Arthur O. Sulzberger, Former New York Times Publisher and Chief Executive, Dies at 86
Arthur Ochs Sulzberger, The New York Times publisher who moved the newspaper from a regional to a national power and created the consumer-facing sections that would profoundly alter the way major newspapers covered film, television, sports and the arts, has died after a long illness, his newspaper reports. He was 86.
Sulzberger died at his home in Southampton, NY, according to his family. He took over the Times in 1963, following in the footsteps of his father as publisher of the paper his maternal grandfather, Adolph S. Ochs, bought in 1896. During his 34-year tenure, "Punch" Sulzberger (a nickname he carried since childhood) led the newspaper to 31 Pulitzer Prizes, through the aftermath of the Vietnam war, the assassination of a president, and the publishing of the Pentagon Papers in 1971--a decision many historians view as his finest moment at the helm. When he came into the position, the paper was in the worst financial shape he had ever seen: 1963 was the first year the paper was in the red since 1898. In the mid-1970s, Sulzberger expanded the newspaper to four sections: SportsMonday, Science Times, Living, and Home and Weekend. The change-up, done in an effort to attract new readers, especially women, was instantly successful and has since been widely imitated by news outlets worldwide.
Sulzberger led the family business, which has, for more than a century now, been carried through the family's men. When his father, Arthur Hays Sulzberger, stepped down as publisher after nearly three decades in 1961, Arthur Ochs was passed over for the position for his brother-in-law, Orvil Dryfoos. But Dryfoos died only two years later, at age 50, due to complications to his heart. It was then that Sulzberger, at 37, became the youngest publisher in the history of the Times when he was named to the position on June 20, 1963.
Born in New York City to Sulzberger and Iphigene Bertha Ochs on February 5, 1926, Punch enlisted in the United States Marine Corps at age 17 in 1944, at the height of World War II. He served in the Philippines and Japan until 1946, and later during the Korean War, he served in Korea before being transferred to Washington. He ended his service in December 1952 as a lieutenant. Between tours, the reformed high school dropout attended Columbia University, earning a bachelor degree in English and history in 1951.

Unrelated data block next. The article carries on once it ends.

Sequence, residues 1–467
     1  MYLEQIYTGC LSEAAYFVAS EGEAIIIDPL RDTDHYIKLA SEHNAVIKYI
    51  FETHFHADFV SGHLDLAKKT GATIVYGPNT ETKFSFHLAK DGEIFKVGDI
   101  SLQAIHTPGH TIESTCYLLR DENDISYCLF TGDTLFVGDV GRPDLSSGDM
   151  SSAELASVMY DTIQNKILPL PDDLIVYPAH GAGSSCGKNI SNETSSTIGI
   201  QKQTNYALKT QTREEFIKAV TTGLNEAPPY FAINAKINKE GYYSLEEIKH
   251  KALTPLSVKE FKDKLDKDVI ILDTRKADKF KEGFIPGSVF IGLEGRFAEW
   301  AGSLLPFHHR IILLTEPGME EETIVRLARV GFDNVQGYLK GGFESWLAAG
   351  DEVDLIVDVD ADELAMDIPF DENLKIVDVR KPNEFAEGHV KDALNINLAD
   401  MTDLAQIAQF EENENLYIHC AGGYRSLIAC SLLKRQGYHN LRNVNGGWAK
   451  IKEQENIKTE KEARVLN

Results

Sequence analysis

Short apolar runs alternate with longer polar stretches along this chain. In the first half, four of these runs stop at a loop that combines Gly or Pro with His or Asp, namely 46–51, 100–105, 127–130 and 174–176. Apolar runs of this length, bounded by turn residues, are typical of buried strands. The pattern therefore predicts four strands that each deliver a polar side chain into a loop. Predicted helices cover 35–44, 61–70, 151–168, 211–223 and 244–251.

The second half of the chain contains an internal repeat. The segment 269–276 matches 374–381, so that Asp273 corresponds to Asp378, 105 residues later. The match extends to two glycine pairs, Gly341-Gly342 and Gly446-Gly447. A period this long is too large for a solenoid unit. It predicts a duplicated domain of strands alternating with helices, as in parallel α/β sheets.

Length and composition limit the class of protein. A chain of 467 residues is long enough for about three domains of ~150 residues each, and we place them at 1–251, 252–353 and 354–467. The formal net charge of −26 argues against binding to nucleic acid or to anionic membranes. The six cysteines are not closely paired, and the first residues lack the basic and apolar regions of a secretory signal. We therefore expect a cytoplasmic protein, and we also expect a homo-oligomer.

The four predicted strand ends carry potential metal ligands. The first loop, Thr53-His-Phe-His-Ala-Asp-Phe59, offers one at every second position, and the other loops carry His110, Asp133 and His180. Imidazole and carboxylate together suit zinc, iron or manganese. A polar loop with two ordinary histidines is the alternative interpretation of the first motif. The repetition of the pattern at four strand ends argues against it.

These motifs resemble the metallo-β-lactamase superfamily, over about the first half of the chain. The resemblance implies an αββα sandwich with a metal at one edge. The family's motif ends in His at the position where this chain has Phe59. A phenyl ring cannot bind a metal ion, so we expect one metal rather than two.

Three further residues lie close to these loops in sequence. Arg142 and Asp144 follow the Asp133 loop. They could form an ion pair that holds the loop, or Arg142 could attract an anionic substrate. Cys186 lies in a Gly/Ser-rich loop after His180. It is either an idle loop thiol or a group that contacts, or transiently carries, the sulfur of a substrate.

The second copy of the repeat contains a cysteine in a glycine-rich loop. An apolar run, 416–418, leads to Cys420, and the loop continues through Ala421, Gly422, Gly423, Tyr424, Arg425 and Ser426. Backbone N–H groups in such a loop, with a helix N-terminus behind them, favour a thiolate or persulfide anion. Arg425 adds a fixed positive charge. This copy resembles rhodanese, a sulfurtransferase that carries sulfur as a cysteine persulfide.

When he was in college in 1948, Sulzberger married Barbara Grant, and the couple had two children: Arthur Jr. and Karen. The couple divorced in 1956, and a few months later Sulzberger married Carol Fox. The couple had a daughter, Cynthia, in 1964, and Sulzberger adopted Fox's daughter from a previous marriage, Cathy.
In 1992, Punch Sulzberger passed the publishing torch down the family's male bloodline, to his son, Arthur Sulzberger, Jr. The younger Sulzberger and current publisher of the paper inherited a less-than-flattering nickname, "Pinch," for his unpopular cost-cutting measures (a move that many historians and journalists argue has kept the print magnate alive through today's digital revolution). In 1997, Sulzberger Sr. also passed his role of chairman of the board of the paper's parent company, The New York Times Company, to his son.
In 1995, Carol died, and in March of the following year, Sulzberger married Allison Cowles, the widow of William H. Cowles III, another famed publisher, though of the West Coast variety. Cowles died in 2010.
In addition to his children, Sulzberger is survived by two of his three sisters, Marian Heiskell and Ruth Holmberg, and nine grandchildren, as well as several other family members who, to this day, continue to breathe life into the family paper.